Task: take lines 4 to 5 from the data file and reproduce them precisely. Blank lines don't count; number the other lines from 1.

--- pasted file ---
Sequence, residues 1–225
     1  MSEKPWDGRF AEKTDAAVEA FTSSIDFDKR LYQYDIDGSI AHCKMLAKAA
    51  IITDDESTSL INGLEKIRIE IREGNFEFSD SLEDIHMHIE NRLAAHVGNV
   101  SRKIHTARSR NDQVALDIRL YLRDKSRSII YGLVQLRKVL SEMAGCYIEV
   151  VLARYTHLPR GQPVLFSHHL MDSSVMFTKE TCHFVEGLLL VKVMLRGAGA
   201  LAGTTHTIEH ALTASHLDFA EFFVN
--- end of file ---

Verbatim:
   101  SRKIHTARSR NDQVALDIRL YLRDKSRSII YGLVQLRKVL SEMAGCYIEV
   151  VLARYTHLPR GQPVLFSHHL MDSSVMFTKE TCHFVEGLLL VKVMLRGAGA